Trout fishing can be an enjoyable or frustrating past time, depending on the amount of time you spend trying to understand the nature of trout. When fishing for brook trout, it is important to understand their habitat, their hiding spots and what baits work for them well in order to plan your fishing techniques. Trouts belong to the family of salmons, and are often found in cold waters. Brook trouts specifically belong to the Salvelinus trout family, usually have a life span of about eight years, and are considered to be the tastiest of all trout varieties that are native to North America and Canada.
In brook trout fishing, it is important to know the places that brook trouts frequent. Brook trouts usually stay along creeks, streams, rivers and lakes with cold waters ranging from 57 to 60 degrees Fahrenheit. They do not move a lot and often stay under rocks and logs, or can be found along shallow pools, especially when spawning. They also frequent spring fed pools and anywhere where they can find lots of oxygen. During the breeding season, trout are often found on dark places where they would be laying their eggs or on clean shallow waters with a lot of gravel down below. Older brook trouts usually inhabit the deer waters and only stay on the waterfall water to feed.
Brook trout or brookies are usually bluish gray or black with silvery white bellies. Sometimes they have red dots all over, back marks or spots on their dorsal fins. Their tail fins are usually square, although some varieties have forked fins. They can grow to an average of 10-12 inches in length, but there are some rare finds that reach more than 20 inches in length.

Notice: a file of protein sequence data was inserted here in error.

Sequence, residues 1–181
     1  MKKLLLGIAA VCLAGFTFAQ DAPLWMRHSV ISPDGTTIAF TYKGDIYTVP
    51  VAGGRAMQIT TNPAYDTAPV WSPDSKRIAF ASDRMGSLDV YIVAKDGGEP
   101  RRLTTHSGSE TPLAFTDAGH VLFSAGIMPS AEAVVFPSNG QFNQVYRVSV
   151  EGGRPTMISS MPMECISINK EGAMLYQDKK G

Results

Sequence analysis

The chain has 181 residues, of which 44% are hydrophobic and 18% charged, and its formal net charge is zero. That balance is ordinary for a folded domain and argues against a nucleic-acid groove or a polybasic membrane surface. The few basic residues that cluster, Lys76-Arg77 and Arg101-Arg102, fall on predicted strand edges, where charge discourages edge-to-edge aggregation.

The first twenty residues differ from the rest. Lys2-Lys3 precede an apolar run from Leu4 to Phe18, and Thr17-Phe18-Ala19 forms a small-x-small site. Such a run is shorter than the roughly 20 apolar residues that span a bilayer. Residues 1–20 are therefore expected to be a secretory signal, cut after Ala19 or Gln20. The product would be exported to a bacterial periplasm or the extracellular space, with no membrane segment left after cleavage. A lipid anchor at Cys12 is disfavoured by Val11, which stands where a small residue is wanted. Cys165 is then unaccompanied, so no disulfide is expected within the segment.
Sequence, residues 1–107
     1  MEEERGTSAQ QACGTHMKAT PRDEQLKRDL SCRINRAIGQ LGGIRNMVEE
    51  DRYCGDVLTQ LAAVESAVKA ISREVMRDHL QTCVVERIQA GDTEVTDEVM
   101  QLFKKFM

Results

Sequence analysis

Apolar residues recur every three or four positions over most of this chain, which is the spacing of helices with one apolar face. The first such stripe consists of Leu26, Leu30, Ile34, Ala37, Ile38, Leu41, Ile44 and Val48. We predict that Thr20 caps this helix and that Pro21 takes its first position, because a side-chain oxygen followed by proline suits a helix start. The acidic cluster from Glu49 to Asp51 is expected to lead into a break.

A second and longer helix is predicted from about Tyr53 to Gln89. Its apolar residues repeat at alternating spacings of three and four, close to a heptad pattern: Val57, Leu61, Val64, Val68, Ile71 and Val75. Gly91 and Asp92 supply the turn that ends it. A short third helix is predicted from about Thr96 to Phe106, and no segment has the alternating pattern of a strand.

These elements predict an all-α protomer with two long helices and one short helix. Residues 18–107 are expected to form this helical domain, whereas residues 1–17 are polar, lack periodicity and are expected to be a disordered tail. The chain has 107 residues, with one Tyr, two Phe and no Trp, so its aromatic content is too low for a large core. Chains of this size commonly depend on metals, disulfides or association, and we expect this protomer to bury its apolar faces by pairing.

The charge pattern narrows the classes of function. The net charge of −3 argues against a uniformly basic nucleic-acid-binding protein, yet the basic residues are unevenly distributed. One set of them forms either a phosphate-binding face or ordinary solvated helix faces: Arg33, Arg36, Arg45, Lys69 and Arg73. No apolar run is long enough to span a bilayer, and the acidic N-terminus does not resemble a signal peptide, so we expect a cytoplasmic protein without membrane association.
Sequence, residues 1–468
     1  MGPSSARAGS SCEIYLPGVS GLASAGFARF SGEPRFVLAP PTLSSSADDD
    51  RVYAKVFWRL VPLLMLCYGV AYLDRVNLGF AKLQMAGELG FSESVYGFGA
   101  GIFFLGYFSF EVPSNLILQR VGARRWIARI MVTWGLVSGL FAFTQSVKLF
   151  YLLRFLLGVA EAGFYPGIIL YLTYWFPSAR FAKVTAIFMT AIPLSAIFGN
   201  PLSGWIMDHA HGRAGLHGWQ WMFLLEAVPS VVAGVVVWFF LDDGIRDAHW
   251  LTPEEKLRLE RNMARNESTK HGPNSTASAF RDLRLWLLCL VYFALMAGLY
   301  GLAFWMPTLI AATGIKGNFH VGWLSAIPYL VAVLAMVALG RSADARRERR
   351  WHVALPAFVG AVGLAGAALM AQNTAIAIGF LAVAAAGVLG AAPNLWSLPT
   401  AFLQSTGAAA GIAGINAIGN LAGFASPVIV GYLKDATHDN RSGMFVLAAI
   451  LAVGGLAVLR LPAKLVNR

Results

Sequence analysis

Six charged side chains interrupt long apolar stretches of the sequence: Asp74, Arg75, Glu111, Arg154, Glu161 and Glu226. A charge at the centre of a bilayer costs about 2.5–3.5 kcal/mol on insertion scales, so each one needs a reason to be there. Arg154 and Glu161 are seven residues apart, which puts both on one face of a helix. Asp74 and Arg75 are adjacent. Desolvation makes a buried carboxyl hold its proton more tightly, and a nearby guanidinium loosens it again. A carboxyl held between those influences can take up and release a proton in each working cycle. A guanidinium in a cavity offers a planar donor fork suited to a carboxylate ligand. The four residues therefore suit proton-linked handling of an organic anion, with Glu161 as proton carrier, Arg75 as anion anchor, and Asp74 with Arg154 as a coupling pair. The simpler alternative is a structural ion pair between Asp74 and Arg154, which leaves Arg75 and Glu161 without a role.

Whenever you are brook trout fishing, you need to bring baits that the trout are usually fond of. The most common trout fishing baits are small fishes, insects, zooplanktons, small crabs and insects. Baiting trout is quite easy and you can use crickets, worms, grasshoppers and spinners.
Brook trout are very sensitive and even a little motion can scare them off. Thus, when trout fishing, remember to move as quietly as you can, and avoid making lots of splashes on the water. You can simply wade onto the middle of the stream before you cast your fishing line towards the bank. Try the shallow waters first, as they are known to hide there. It is also possible to do some trout fishing from the banks, but choose a spot where you can see the bottom of the water, to make sure it is enough enough to attract trouts.
Patience is what you need when brook trout fishing , and with the right baits and casting style, you may succeed in bringing home some trout fishes for dinner.